Walking, Waving Veteran Of Gold Country Brings His Cause To Big Apple

Vietnam Vet Walks to Raise Funds for Wounded Warriors

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opmendthumbnailA Vietnam Veteran from a tiny town in California, who has been humbly raising money to support a program that helps severely injured vets from the Iraq and Afghanistan wars (along with military personnel wounded in training), received a surprise invitation to walk alongside them in the upcoming America’s Parade in New York City on Nov. 11.  Produced by the United War Veterans Council, the America’s Parade is the oldest and largest event in the nation honoring those who have defended our freedoms.

Ric Ryan, 68, U.S. Marine Corp (1964-‘68) began with a quest – walking every day hoping to escape the demons of Vietnam.  But then he added a twist –each time someone waved at him while walking in his rural hometown of Murphys, Calif., Ryan would ‘wave back’ and donate 25 cents to a program called UCLA Operation Mend that provides surgical, medical and mental health services for soldiers disfigured by war.

A man of modest means, the “Walking Man of Murphys” donates money from his own disability checks for the cause.  His wife said it helps him mentally, physically and emotionally to fight demons from his own war while helping the wounded from the latest wars. Soon local residents found out about Ryan’s ‘25 cents a wave’ walks and began opening up their wallets to help him with his cause. The trickle of donations became a flood.  In 3 years since he started walking in July 2011, Ryan has raised over $48,000 through gifts he has inspired.  Out of his own pocket one quarter at a time, and from personal and cash donations received along the way, Ryan has raised over $19,000 equalling over 30,000 waves!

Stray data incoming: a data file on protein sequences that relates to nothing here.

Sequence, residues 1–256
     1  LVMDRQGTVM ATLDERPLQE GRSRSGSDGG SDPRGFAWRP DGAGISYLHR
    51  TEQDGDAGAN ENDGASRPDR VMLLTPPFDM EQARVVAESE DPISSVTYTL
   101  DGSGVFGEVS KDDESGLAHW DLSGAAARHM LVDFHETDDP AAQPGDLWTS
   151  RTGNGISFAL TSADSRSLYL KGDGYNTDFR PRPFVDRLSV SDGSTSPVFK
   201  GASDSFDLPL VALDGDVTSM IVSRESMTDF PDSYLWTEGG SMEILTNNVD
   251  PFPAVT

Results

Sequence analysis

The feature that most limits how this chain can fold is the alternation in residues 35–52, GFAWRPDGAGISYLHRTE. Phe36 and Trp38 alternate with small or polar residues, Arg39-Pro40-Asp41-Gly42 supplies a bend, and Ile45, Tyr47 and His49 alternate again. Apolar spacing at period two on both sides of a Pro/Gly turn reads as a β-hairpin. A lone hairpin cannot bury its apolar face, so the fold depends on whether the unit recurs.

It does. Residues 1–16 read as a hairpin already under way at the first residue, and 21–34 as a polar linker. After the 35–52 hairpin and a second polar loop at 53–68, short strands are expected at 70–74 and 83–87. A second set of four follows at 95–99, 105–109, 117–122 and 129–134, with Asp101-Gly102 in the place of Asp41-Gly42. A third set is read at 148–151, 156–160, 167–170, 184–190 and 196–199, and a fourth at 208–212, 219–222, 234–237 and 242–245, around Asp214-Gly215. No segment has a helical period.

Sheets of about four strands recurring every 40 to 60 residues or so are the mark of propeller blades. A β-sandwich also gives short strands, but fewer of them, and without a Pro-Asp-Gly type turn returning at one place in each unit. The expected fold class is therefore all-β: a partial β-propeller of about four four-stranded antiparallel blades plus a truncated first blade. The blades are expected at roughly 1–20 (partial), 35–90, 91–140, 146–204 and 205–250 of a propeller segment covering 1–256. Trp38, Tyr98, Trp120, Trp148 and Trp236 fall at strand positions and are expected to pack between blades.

To thank him and honor his ‘simple act of kindness,’ Operation Mend surprised Ryan with an invitation to join them this year in New York City to walk alongside UCLA Operation Mend patients in the Parade.

Operation Mend is following Ryan’s story through social media and encourages everyone to post a selfie photo waving their support of America’s wounded warriors and to the UCLA Operation Mend program in honor of Ryan’s ‘wave’ fundraising efforts at #Wave4OperationMend.

For more information on UCLA Operation Mend, visit www.operationmend.ucla.edu. If anyone is would like to make a donation to supplement Ryans’s efforts, they can go towww.operationmend.ucla.edu/support to donate.

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Ric Ryan, 68, U.S. Marine Corp (1964-`68) began walking every day hoping to escape the demons of Vietnam. Now, each time someone waves at him while walking in his hometown of Murphys, California, Ryan donates 25 cents to a program called UCLA Operation Mend that provides medical services for soldiers disfigured by war.

Vietnam Veteran Ric Ryan - known as the Walking Man of Murphys, CA - walks daily to support wounded warriors. Each time someone waves at him while walking, Ryan donates 25 cents to UCLA Operation Mend, which helps severely injured vets from the Iraq and Afghanistan wars.

68-years-old Ric Ryan walks to support wounded veterans. For every person who waves to him he donates a quarter out of his own pocket. Twenty-five cents at a time, and from personal donations Ryan has raised over $19,000 equally over 30,000 waves for UCLA Operation Mend.

Students from a school in Angels Camp, CA raised and donated $1,500.00 to Ric Ryan for Operation Mend. Many of the children felt as if they knew Ric saying `I wave to him every day.`

UCLA Operation Mend provides returning military personnel from Iraq and Afghanistan - and service members wounded in training for battle - with severe facial and other medical injuries access to the nation`s top plastic and reconstructive surgeons, as well as comprehensive medical and mental-health support for the wounded and their families.

Doctors at Operation Mend say it is a privilege for Ronald Reagan UCLA Medical Center to assist our country`s men and women in the military. Operation Mend started with facial reconstruction. The program has since expanded in order to optimize healing-body, mind, and spirit.

HEALING the WOUNDS of WARRIORS